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Effect of price information on residential water demand

  • S. Gaudin
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    Microeconomic theory predicts that people decrease consumption when price increases, the magnitude of the effect depending on price elasticity. The law of demand, however, implicitly assumes that consumers know prices, an assumption that is not always satisfied in markets with ex post billing. When prices are not transparent, elasticity estimates are potentially lower than their full information potential. Evidence of low price elasticity abounds in residential water demand studies, limiting the effectiveness and desirability of using price signals as a conservation tool. It is hypothesized that resident's sluggish response to price is partly due to the absence of price information on water bills. Differences in the informational content of bills are documented for the first time on the basis of sample bills collected from 383 utilities across the USA. A standard aggregate water demand model is augmented with qualitative variables describing differences in billing information, allowing such variables to affect the intensity with which consumers respond to price signals. No evidence is found that non-price information items affect price elasticity but there is a statistically significant effect in the case of price-related information; in our sample, price elasticity increases by 30% or more when price information is given on the bill.

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    File URL: http://www.tandfonline.com/doi/abs/10.1080/00036840500397499
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    Article provided by Taylor & Francis Journals in its journal Applied Economics.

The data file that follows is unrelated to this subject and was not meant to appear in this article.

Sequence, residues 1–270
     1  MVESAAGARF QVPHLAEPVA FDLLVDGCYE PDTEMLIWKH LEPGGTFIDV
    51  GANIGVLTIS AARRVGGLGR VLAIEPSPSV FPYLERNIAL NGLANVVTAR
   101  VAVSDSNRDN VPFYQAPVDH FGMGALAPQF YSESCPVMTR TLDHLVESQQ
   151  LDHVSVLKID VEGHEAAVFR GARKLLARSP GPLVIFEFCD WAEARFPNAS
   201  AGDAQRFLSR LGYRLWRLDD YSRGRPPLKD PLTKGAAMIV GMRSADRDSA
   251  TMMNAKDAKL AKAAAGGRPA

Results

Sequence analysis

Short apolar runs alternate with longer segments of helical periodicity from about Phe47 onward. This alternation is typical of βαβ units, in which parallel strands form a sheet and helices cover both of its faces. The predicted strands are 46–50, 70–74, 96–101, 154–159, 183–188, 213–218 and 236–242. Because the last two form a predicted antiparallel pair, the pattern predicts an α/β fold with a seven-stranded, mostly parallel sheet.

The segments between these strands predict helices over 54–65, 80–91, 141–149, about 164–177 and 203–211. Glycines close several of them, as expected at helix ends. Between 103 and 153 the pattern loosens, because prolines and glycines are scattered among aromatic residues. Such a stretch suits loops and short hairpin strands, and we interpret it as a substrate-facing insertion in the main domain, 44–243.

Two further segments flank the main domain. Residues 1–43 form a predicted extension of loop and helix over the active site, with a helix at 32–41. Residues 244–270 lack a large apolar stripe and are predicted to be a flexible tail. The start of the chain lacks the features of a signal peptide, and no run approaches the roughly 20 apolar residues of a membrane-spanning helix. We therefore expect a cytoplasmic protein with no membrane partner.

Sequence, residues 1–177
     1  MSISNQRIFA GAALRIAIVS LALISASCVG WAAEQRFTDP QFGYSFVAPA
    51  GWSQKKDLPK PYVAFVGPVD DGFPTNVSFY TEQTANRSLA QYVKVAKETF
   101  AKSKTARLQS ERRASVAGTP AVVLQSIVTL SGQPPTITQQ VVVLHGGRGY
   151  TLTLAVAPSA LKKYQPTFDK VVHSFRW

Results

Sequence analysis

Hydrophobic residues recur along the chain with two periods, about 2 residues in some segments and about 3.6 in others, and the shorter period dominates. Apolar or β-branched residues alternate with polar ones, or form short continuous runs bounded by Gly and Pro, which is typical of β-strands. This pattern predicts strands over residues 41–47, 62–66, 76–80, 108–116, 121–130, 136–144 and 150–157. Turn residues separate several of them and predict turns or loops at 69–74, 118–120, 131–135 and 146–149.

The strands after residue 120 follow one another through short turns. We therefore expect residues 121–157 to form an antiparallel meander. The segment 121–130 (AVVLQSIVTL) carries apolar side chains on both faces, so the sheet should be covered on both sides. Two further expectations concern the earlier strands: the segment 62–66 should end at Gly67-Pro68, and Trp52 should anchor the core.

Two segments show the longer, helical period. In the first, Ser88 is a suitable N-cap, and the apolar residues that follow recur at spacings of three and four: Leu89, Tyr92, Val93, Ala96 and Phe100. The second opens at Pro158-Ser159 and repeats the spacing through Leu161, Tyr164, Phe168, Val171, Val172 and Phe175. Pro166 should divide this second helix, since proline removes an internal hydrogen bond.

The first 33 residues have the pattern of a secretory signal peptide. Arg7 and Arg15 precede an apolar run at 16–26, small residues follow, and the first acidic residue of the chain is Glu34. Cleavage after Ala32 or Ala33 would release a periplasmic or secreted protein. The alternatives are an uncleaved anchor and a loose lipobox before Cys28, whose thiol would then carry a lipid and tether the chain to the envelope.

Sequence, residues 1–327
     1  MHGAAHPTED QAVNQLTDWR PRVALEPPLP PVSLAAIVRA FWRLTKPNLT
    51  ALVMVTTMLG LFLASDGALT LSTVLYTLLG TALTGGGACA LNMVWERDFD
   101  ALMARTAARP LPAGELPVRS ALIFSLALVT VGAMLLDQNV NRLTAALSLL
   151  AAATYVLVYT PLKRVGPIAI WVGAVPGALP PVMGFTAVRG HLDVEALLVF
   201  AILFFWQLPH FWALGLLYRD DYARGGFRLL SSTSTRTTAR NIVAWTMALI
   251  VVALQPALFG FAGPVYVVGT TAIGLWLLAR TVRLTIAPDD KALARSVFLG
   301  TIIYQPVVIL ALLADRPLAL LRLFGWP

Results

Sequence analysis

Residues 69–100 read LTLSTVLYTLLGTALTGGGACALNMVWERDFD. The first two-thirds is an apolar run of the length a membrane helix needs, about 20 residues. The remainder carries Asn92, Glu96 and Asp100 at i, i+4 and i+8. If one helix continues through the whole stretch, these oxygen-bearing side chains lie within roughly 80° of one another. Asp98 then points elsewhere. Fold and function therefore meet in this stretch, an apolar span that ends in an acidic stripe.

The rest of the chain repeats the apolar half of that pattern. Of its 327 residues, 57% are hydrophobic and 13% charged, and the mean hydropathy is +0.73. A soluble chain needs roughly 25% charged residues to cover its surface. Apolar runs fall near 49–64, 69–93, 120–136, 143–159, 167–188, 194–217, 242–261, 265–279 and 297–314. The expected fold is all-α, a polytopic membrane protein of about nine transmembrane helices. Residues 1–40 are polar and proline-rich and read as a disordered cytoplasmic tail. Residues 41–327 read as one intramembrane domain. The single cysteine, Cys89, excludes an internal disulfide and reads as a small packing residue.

Volume (Year): 38 (2006)
    Issue (Month): 4 ()
    Pages: 383-393

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    Handle: RePEc:taf:applec:v:38:y:2006:i:4:p:383-393
    Contact details of provider: Web page: http://www.tandfonline.com/RAEC20

    Order Information: Web: http://www.tandfonline.com/pricing/journal/RAEC20

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    1. Roberto Martinez-Espineira & Celine Nauges, 2004. "Is all domestic water consumption sensitive to price control?," Applied Economics, Taylor & Francis Journals, vol. 36(15), pages 1697-1703.
    2. Isamu Matsukawa, 2004. "The Effects of Information on Residential Demand for Electricity," The Energy Journal, International Association for Energy Economics, vol. 0(Number 1), pages 1-18.
    3. Céline Nauges & Alban Thomas, 2000. "Privately Operated Water Utilities, Municipal Price Negotiation, and Estimation of Residential Water Demand: The Case of France," Land Economics, University of Wisconsin Press, vol. 76(1), pages 68-85.
    4. Sylvestre Gaudin & Ronald C. Griffin & Robin C. Sickles, 2001. "Demand Specification for Municipal Water Management: Evaluation of the Stone-Geary Form," Land Economics, University of Wisconsin Press, vol. 77(3), pages 399-422.
    5. R. Martínez-Espiñeira, 2003. "Estimating Water Demand under Increasing-Block Tariffs Using Aggregate Data and Proportions of Users per Block," Environmental & Resource Economics, European Association of Environmental and Resource Economists, vol. 26(1), pages 5-23, September.
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